The US Congress has passed a resolution opposing foreign regulation of the internet.
News of the bill's passing comes as United Nation (UN) officials gather in Dubai to renegotiate the International Telecommunications Regulations treaty. Along with the US, the European Commission (EC) has also decided to oppose any UN regulations that clashes with EC internet law.
"As our delegation's work is underway in Dubai, this vote sends an important signal that Congress is united in the view that the internet is a vibrant and growing tool in creating jobs and business opportunities, that should be protected," said US senator and bill co-author senator Claire McCaskill.
Much has been made of the recent World Telecommunication Standardisation Assembly (WTSA-12).
The International Telecommunication Union (ITU), a UN agency, has begun the assembly in an attempt to update the International Telecommunication Regulation treaty. The treaty has remained untouched for the last 20 years.
Some worry that the update to the treaty will come with excessive UN control of the internet. US Senator Marco Rubio said he worried some UN members would use the summit to make ill-advised changes to the current treaty.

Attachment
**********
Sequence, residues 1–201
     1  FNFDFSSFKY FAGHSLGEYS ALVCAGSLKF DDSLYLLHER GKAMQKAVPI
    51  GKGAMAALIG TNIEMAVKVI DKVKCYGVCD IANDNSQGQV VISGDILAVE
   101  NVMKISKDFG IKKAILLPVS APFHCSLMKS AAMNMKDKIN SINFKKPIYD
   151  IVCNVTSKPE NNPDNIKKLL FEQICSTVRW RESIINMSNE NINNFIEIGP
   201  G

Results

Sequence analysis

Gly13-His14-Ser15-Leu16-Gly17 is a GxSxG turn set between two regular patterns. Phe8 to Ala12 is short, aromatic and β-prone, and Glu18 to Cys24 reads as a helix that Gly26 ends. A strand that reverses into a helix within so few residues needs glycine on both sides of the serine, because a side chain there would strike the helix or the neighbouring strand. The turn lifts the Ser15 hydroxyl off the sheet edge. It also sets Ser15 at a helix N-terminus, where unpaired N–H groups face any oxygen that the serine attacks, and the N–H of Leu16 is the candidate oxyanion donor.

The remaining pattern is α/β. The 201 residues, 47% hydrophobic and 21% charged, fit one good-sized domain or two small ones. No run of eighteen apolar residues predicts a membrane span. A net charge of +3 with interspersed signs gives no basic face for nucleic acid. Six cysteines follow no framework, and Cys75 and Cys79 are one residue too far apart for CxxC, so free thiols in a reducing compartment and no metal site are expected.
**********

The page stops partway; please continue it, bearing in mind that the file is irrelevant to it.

"In a relatively brief period, the internet has already transformed the world by the free and open spread of ideas, information and communication. The internet has been instrumental in the launch of democracy in many emerging nations throughout the world," said Senator Rubio.
"Unfortunately, some countries view the ongoing conference as an opportunity to fundamentally change the current governance model that has allowed the internet to thrive. These proposals must be stopped. That is why I have led the fight in the Senate to oppose these efforts and defend Internet freedom."
The EC has also opposed any fundamental changes to the treaty. Last month, EU officials stated they would oppose any UN regulations that go against current EU common rules.
For their part, ITU officials have pledged to not pass any legislation that would hinder freedom of speech on the internet. The pledge was done in part to slow the backlash coming from the WTSA-12 assembly.
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